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Freud, S. (1924). Letter from Sigmund Freud to Sándor Ferenczi, September 13, 1924. The Correspondence of Sigmund Freud and Sándor Ferenczi Volume 3, 1920-1933, 178-179.

Freud, S. (1924). Letter from Sigmund Freud to Sándor Ferenczi, September 13, 1924. The Correspondence of Sigmund Freud and Sándor Ferenczi Volume 3, 1920-1933, 178-179

Letter from Sigmund Freud to Sándor Ferenczi, September 13, 1924 Book Information Previous Up Next

Sigmund Freud

Semmering, September 13, 1924

Dear friend,

A passage in your letter which arrived today causes me to write to you that Frau Beate didn't go to Abbazia at all. The child is too ill, seems to have glandular fever. Anna visited her during one of our excursions to Vienna; incidentally, she got a cool reception.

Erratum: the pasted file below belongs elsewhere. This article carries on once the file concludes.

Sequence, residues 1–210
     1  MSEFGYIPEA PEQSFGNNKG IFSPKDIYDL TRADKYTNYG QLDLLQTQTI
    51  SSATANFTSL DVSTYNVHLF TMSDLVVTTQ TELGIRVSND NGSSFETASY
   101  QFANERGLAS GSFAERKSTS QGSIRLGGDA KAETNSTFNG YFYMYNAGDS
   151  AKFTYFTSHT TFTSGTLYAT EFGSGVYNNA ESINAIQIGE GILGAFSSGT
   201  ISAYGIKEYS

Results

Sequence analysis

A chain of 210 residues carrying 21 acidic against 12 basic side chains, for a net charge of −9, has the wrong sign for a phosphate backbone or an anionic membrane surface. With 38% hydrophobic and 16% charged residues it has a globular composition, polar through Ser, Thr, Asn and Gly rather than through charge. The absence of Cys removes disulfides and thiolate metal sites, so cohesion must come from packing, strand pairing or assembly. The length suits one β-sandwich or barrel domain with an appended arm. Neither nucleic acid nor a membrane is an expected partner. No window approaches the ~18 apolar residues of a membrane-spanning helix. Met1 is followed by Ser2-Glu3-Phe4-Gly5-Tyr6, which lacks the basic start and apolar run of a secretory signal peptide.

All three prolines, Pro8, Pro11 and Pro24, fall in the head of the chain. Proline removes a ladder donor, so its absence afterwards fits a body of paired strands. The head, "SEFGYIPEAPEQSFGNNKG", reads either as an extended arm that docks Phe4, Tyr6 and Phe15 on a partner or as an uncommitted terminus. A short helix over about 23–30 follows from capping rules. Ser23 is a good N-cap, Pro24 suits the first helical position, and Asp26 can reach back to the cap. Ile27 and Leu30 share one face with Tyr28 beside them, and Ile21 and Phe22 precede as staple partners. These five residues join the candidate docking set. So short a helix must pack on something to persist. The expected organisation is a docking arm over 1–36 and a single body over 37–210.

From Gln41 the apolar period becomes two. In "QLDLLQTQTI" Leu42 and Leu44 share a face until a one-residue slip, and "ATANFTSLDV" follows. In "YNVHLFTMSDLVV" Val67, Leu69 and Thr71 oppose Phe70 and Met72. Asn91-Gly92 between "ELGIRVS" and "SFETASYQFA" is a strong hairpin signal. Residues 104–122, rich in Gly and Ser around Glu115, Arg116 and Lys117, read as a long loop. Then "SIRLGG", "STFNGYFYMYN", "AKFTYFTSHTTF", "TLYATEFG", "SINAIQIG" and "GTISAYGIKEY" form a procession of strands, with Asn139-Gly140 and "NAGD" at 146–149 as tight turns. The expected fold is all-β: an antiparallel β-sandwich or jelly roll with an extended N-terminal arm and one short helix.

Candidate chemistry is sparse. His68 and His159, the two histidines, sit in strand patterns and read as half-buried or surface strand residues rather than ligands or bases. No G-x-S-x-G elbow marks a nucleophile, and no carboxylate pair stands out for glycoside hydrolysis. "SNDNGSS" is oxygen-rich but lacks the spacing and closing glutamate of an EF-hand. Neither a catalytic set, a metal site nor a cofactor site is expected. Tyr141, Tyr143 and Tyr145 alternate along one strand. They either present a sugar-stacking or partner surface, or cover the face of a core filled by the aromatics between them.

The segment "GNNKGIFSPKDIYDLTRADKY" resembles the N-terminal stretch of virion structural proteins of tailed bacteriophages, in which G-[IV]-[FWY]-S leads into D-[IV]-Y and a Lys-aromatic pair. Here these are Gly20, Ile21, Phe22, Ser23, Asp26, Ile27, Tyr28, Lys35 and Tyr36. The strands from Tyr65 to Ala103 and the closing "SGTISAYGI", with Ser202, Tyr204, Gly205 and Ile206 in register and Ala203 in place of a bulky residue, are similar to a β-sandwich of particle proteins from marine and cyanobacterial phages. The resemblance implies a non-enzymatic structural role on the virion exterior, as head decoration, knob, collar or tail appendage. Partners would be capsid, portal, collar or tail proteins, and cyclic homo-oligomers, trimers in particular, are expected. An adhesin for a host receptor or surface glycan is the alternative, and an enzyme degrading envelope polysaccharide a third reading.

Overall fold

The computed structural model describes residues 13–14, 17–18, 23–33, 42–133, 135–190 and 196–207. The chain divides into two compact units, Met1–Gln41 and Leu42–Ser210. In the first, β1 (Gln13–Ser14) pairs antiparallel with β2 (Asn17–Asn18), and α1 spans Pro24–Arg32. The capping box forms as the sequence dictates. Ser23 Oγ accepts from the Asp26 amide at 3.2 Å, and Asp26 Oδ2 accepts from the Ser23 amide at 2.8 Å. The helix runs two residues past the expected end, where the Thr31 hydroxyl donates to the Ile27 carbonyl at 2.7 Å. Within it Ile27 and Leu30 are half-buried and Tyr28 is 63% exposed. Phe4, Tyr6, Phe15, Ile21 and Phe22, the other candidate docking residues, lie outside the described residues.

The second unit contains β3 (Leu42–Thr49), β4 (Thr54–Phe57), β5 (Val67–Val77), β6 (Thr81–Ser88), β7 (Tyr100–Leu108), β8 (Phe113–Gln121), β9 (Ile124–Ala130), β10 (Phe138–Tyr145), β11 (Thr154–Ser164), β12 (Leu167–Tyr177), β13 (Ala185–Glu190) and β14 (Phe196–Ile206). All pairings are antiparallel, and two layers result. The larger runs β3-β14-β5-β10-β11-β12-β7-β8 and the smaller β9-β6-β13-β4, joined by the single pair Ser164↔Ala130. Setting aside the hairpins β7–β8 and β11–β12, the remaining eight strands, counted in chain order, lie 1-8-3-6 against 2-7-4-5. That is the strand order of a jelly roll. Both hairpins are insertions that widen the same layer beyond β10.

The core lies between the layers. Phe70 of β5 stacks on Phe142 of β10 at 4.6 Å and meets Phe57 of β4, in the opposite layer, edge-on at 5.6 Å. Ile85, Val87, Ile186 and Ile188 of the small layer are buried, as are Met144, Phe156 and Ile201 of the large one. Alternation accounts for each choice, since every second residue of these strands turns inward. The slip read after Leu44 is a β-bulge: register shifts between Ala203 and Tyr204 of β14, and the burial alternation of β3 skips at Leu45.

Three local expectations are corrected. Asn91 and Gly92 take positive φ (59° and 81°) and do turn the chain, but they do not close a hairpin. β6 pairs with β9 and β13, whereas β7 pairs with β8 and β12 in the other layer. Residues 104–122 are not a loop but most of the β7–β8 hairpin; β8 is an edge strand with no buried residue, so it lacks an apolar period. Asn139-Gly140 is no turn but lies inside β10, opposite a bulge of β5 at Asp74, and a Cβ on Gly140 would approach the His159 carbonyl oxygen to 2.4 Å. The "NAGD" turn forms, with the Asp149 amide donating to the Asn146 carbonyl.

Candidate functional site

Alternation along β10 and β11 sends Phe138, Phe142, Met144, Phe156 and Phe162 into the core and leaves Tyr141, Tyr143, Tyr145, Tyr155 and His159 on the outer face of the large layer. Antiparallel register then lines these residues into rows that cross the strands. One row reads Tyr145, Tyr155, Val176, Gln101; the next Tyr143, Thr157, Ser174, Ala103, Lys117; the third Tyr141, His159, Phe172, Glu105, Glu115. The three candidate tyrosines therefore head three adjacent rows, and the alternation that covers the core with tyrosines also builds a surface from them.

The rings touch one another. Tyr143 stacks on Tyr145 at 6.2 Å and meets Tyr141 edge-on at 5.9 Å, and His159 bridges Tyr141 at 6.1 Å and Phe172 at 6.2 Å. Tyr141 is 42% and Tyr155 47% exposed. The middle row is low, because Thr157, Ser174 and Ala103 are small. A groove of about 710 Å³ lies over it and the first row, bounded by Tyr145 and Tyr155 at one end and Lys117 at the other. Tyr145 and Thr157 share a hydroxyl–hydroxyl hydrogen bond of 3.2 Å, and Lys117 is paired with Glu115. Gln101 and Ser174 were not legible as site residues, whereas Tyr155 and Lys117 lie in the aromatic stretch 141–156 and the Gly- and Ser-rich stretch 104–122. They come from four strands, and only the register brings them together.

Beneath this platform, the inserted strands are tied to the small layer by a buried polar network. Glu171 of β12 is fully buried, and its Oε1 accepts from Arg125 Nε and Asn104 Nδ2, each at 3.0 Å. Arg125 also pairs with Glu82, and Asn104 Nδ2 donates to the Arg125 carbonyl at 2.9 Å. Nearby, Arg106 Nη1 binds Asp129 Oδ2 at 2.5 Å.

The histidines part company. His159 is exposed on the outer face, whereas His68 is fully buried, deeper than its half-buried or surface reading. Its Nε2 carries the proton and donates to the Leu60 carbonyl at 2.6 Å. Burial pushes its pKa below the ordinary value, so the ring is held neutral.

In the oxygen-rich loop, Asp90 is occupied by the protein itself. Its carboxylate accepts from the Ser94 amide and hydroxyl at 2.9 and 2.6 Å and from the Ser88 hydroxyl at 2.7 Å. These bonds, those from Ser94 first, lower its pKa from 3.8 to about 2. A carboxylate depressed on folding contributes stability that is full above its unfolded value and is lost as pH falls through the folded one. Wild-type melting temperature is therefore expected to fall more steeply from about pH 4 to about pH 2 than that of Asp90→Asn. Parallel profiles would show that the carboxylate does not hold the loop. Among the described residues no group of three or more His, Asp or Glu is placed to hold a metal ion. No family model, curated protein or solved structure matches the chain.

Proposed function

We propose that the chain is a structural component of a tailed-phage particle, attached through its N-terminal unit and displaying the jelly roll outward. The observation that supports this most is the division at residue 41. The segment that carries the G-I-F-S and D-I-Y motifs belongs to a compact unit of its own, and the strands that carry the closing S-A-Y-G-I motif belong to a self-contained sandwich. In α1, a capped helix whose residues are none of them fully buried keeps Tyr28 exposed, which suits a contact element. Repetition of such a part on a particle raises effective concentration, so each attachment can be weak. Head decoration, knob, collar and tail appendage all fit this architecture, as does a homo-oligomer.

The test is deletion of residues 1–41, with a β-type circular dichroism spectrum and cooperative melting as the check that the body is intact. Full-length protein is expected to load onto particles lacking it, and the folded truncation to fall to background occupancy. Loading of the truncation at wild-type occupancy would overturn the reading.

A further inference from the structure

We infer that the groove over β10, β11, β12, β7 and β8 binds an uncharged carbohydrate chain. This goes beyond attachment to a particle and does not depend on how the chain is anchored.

The matter with Rank is getting darker and more uncanny. Now it looks as if he wanted from the beginning to establish himself on the basis of a new patent procedure that was kept secret, and requested your participation. I am surprised that you went so far along in this secret humbug! In my innocence I didn't even know that he was concealing so much. I thought the communication that all libido originates from the mother and the setting of a date were all his methods, and thus came to the conclusion that with that one doesn't alter anything essential in the course of the treatment. One can certainly say that such a procedure is also scientifically unheard of. It appears to me now like what was depicted in Victor Hugo's novel Les travailleurs de la mer,1 where an employee earns a great trust through decades-long correctness, only later to be able to embezzle a large sum. He then gets his deserts in the embrace of a kraken (giant octopus). Another of my presumptions is that he constantly wants to return to America, which can be connected with the invitation to you and the ensuing turndown. I can only imagine that my apparently imminent demise uprooted him so, and that my recovery upset his calculations.

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